Edgar Allan Poe famously proclaimed the death of a beautiful woman "the most poetical subject in the world." The prolonged suffering of his beautiful, dying wife, Virginia Poe, almost certainly inspired this belief. Virginia Poe remains one of the most enigmatic and controversial figures in the famed author's history. Join us for a series of live readings, themed discussion, and Q&A about the famed muse, poetess, child bride and daughter of Baltimore.
Blacklist: The Hollywood Red Scare is an exhibit telling the story of the Cold War in Hollywood. It brings the history of the Cold War to life through personal narratives of blacklisted people, members of the House Un-American Activities Committee, and film executives, telling the stories of people on both sides of the Communist/anti-Communist divide. The exhibit features film stills, photographs, movie posters, documents, and more, and explores the intersection of politics, popular culture, economics, and the First Amendment.
Beatrice Glow is a New York- and Bay Area-based multi-sensory and interdisciplinary artist whose work explores the social history of plants. For her first exhibition in a major U.S. museum, Glow delves into the unseen and unsavory sociohistorical and ecological realities underlying the tobacco industry’s veneer of luxury through her digitally printed and embroidered silk textiles, VR-sculpted and 3D-printed objects, watercolors, and scent experiences.
Baltimore National Heritage Area Urban Ranger-Led Walking Tour Tours
Explore Baltimore’s oldest neighborhoods: The Inner Harbor, Little Italy, and historic Jonestown. Discover the people and places that have shaped Baltimore over the past four centuries.
Meet the urban ranger on Constellation Pier, 301 E. Pratt Street
Every Saturday and Sunday, Time: 10:30 am,
This experience is approximately 90 minutes in duration and 1.5 miles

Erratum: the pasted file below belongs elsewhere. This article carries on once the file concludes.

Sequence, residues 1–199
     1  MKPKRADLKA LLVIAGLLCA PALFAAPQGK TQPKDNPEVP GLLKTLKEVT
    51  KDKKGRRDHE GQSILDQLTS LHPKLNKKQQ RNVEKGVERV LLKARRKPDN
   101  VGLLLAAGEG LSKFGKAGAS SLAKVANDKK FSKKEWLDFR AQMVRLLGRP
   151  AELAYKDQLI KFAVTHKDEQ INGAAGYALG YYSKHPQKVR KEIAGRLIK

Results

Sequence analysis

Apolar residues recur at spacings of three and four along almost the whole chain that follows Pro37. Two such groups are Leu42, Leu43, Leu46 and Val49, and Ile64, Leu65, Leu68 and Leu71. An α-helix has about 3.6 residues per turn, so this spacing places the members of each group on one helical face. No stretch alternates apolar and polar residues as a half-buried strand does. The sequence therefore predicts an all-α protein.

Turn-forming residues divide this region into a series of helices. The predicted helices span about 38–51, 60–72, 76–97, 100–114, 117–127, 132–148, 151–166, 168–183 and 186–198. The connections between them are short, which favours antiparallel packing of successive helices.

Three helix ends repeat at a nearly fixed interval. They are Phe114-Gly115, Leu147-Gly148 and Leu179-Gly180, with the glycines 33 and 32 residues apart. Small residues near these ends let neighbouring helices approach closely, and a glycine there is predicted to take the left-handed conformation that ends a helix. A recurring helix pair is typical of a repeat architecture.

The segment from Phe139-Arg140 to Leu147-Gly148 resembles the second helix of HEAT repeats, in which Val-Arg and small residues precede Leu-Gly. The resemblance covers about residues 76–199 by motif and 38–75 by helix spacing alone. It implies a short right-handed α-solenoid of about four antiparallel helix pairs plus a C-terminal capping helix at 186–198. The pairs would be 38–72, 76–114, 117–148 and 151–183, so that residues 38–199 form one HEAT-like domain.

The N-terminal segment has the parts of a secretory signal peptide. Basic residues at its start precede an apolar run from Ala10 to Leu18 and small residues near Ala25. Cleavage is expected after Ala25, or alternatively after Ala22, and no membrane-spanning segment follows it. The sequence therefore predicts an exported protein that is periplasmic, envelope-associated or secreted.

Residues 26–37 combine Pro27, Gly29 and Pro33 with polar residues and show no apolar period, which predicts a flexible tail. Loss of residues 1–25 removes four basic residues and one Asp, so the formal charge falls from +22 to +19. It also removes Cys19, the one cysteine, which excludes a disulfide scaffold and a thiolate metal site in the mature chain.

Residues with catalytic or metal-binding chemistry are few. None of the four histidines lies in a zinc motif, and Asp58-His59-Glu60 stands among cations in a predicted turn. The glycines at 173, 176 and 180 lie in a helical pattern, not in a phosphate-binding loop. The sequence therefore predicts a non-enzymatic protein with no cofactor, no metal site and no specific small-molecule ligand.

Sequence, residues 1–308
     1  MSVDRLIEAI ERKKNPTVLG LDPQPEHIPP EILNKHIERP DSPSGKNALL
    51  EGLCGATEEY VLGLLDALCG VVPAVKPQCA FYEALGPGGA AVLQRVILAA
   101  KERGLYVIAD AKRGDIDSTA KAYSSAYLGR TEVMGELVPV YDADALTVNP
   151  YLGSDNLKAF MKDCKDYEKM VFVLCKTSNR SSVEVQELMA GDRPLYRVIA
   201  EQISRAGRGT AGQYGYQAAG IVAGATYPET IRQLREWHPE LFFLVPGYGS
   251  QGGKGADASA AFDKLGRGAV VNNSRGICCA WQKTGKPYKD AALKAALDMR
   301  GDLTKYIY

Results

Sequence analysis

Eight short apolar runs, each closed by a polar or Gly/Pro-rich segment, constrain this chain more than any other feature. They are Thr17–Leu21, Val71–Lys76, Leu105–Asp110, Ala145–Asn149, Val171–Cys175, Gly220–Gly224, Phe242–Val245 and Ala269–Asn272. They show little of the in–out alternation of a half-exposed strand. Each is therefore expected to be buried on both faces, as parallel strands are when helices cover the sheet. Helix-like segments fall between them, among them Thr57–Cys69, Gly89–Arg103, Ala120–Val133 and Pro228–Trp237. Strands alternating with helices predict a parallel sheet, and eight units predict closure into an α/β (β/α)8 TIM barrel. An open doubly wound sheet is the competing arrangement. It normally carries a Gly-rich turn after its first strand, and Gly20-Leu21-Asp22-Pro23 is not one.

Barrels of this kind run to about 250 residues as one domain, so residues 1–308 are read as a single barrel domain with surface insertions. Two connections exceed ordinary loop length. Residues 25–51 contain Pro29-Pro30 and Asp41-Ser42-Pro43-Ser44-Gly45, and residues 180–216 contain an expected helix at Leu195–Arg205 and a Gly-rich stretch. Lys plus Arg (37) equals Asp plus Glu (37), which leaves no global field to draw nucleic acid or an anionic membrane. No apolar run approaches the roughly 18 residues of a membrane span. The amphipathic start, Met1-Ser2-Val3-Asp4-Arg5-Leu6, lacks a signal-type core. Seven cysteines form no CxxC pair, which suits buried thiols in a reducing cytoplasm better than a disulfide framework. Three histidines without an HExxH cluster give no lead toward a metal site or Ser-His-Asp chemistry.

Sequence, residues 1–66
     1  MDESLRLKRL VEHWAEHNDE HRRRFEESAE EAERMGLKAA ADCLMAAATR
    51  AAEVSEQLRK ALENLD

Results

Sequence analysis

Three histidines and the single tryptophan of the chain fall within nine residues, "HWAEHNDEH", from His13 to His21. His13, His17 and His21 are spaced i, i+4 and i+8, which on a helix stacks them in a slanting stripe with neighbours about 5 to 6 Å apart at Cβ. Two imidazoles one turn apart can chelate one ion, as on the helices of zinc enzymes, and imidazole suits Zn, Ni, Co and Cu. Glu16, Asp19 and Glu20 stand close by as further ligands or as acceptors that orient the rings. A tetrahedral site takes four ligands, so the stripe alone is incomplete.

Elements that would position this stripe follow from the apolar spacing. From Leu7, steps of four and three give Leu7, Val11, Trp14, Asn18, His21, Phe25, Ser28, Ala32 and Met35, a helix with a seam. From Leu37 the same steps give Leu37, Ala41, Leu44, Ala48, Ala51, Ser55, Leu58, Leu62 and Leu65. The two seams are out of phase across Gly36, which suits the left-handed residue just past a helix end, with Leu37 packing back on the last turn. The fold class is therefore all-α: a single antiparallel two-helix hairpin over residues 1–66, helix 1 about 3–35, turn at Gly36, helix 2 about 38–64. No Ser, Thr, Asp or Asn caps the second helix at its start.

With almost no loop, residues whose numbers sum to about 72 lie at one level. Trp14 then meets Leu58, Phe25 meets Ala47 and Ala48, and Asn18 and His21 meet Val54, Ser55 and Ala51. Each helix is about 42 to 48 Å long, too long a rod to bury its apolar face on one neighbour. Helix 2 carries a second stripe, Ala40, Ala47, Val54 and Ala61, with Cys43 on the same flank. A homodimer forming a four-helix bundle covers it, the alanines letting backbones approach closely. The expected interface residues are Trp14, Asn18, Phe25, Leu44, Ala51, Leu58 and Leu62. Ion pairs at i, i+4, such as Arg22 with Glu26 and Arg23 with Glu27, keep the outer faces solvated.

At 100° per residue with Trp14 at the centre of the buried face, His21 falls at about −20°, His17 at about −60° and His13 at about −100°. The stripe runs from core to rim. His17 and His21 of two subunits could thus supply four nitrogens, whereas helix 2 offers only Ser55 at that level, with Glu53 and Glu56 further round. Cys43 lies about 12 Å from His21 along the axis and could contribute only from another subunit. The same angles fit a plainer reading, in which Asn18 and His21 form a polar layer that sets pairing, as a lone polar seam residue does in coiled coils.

For a tiny neighborhood squeezed between the University of Maryland and Camden Yards, Ridgely’s Delight contains an oversized history. George Washington slept here and Babe Ruth was born here! Join us to walk the preserved, picturesque streets of one of the earliest neighborhoods in Baltimore while we look back at the stories of both its famous visitors and the ordinary Baltimoreans who worked and raised their families here.
Baltimoreans celebrated atop Federal Hill when we ratified the U.S. Constitution. We used it to defend the city from the British in the War of 1812 and to make sure we stayed in the Union in the Civil War. We have even tunnelled under it to quarry minerals. Join us on a tour of Federal Hill and the neighborhood around it to learn about this waterfront community’s rich history, including stops at one of the last wooden houses in the city, the oldest house in Federal Hill, and the wonderful alley houses along Churchill Street.
Join a virtual reading of the first-person narrative, "A Ride to Remember: A Civil Rights Story," with authors Sharon Langley and Amy Nathan and with Maryland Center for History and Culture education staff. Following the reading, create your own carousel mobile from home.
This virtual program is free and open to all audiences. Registration is required. After registering, an automated confirmation email will provide connection instructions. If you register by July 20, materials for the carousel mobile project will be mailed to you.